Even photographs of children sometimes reveal an emotional disorder in their eyes. 

Many children who have very early emotional or physical abuse develop a blocking system that shuts out the conscious memories and builds up a protective thinking mechanism to protect themselves or anesthetize themselves to turn off awareness and feelings.

My experiences from my childhood, and even after becoming a mother was that no one believed, or took seriously the events that occurred. As a mother, I pleaded with doctors, nurses, police, and judges  for help and the response was to my hysteria, not to the underlying causes of my out-of-control emotions. This is the cause of learned helplessness, the belief there was nothing one can do to change what happened, is happening, or what will happen. Learned helplessness correlates with depression and anxiety. It is a mental coping strategy to survive, not thrive. 

Things are different now than 78 years ago when I was born or 50 years ago when my three children were born. People who take these situations seriously, who pay attention, who stand in support of the one trying to figure out what to do and how to become free of such abuses, open doors otherwise not available to the abused. 

Thanks for the article, and thinks for being one of those on AN who listens and supports change and growth toward health. 

Another study followed adolescents for 15 years and found that over a third became schizophrenic if both parents were hostile, critical and intrusive

I can shed some light on this.  Both of my parents WERE hostile, critical and intrusive.  As well as my brothers and sister, who learned how to act towards me, from my parents.  My father wanted to take me over completely, and my mother intruded in order to attack.  Like a bird with a long beak stabbing a piece of fruit. 

Actually "hostile, critical and intrusive" is a euphemism in my case.  She tried to kill me when I was about 2 years old, and I dissociated and "grew up" as a kind of shell that formed around that. 

What all that does, is to abolish the self, so that for many years even after I got away, there was no real "I".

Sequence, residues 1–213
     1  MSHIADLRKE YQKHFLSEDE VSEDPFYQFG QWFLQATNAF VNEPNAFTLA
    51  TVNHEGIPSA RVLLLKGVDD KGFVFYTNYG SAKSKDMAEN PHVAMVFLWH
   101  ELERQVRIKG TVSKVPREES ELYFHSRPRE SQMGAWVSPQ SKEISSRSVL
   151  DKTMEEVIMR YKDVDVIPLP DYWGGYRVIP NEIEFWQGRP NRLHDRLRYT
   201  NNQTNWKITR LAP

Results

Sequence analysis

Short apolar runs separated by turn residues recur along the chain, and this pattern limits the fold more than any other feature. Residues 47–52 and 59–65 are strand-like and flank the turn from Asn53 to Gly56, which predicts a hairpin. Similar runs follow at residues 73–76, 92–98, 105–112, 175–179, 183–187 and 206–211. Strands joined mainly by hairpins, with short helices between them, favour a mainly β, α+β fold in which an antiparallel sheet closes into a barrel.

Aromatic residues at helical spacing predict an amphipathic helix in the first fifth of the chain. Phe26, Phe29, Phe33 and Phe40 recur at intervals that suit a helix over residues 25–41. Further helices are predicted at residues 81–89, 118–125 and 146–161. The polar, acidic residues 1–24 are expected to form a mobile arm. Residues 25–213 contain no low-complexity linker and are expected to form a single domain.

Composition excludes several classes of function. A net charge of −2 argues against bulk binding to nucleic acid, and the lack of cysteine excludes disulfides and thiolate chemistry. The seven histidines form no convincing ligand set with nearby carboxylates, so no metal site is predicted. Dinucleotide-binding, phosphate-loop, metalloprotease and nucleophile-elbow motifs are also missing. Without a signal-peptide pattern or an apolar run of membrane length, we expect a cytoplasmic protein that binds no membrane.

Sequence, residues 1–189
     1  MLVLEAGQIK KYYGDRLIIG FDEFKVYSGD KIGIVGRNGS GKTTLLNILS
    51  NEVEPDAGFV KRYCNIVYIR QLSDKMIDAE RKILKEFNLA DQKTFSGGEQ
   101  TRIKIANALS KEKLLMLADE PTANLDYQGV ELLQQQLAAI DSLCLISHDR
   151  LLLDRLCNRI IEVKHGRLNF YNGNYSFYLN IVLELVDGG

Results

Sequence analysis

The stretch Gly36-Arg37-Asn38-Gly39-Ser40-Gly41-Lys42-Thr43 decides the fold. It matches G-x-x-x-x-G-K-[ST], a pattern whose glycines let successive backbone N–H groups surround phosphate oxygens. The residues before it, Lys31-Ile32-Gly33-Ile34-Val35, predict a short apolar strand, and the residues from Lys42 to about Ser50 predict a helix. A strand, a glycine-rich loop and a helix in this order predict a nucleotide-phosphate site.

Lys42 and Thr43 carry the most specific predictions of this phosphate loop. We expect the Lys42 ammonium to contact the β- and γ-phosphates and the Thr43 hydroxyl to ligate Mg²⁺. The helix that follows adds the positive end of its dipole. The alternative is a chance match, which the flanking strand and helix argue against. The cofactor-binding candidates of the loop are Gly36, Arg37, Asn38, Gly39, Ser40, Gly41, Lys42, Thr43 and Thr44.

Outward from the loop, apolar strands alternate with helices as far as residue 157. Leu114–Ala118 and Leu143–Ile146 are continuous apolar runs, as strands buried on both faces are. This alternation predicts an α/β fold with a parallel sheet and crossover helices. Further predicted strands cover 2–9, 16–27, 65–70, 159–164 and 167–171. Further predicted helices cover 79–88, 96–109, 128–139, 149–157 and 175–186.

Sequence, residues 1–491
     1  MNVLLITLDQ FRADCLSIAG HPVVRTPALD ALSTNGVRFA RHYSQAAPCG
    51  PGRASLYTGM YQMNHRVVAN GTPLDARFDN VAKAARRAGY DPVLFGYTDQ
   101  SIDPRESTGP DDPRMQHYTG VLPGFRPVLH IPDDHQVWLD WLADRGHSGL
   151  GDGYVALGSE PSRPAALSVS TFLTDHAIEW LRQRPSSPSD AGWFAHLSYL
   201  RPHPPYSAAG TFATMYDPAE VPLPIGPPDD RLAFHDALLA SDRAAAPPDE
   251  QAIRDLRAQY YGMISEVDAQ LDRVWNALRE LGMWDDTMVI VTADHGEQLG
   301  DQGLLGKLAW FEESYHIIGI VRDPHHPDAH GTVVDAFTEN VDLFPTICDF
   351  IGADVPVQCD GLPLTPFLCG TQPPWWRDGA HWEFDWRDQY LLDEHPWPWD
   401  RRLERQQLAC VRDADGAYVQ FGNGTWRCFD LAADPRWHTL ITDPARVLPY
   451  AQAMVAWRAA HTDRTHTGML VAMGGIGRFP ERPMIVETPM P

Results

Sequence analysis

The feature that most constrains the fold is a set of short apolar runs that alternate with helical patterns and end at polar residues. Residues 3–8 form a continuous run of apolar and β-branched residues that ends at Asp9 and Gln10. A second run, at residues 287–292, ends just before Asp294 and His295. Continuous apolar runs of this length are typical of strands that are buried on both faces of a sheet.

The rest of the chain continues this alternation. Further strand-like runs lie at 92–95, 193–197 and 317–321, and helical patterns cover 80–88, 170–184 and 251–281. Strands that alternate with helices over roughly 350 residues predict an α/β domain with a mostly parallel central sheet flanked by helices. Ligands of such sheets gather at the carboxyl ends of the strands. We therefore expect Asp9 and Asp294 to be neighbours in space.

One time in college, I tried walking around observing how my vision changed as I moved, and tried to construct an "I" from that. 

And I went crazy when I was 19.  The content of my "craziness" was visions of the buried emotional reality of my family, visions of my own soul and others' souls: who I really was and who others really were.  Part of my parents' attack on me was to put me into a kind of trance state where their perceptions were my perceptions, and their concept of me was my concept of me.   When I went "crazy" I broke out of that trance state.

I was told that 80% of the people who go crazy once, go crazy over and over again, and a lot of other grim things.  But I didn't go crazy again.   I think, because my visions then became the backbone of my life thereafter, I didn't need to "hear it" again or see more visions to tell me what I needed to know.  I left my abusive family, except for a few forays back to them which I fled from like a bird flying out of Hell.  

There was a biochemical aspect too, which I found out about at 43.  I found out I had been severely, profoundly affected emotionally by celiac disease / delayed food allergies.  The gluten/milk especially seemed to have been a mild chronic hallucinogen for me. 

I started having weird food reactions when I was about 20 - about the same age that I went crazy, which suggests that both might have been connected to my immune system. 

It is all interwoven - I think my father at least was the way he was, because he had gluten problems which caused him severe chronic emotional and physical tension, hair-trigger rage.  And I think my parents' abuse might be a lot of the reason for my immune system problems - emotional trauma affects the immune system.